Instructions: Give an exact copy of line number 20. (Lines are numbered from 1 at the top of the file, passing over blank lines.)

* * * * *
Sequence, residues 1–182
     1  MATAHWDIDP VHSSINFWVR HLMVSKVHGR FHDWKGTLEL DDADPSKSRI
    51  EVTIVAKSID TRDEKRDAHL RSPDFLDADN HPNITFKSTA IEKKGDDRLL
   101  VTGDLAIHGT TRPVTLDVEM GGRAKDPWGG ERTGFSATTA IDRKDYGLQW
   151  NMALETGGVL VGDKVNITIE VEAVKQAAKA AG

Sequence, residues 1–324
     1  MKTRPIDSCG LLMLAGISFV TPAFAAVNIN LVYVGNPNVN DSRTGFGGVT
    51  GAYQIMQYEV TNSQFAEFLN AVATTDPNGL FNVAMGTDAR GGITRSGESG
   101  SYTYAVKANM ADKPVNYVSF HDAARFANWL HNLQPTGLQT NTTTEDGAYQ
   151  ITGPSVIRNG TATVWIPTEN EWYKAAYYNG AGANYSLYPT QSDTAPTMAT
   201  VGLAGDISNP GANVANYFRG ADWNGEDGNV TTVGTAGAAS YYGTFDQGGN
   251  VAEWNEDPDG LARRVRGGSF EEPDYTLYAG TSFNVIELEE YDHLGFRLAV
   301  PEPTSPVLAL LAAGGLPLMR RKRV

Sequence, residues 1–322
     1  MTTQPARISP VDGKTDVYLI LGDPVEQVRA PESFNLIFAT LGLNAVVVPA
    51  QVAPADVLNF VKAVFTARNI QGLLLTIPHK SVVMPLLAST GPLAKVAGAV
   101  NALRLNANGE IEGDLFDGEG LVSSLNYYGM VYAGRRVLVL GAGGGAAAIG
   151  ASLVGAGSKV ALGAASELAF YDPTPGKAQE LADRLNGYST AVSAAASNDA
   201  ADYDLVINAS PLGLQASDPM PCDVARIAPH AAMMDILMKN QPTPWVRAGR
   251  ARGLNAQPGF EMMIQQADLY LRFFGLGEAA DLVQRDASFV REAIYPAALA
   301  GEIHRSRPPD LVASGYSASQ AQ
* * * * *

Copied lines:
   251  ARGLNAQPGF EMMIQQADLY LRFFGLGEAA DLVQRDASFV REAIYPAALA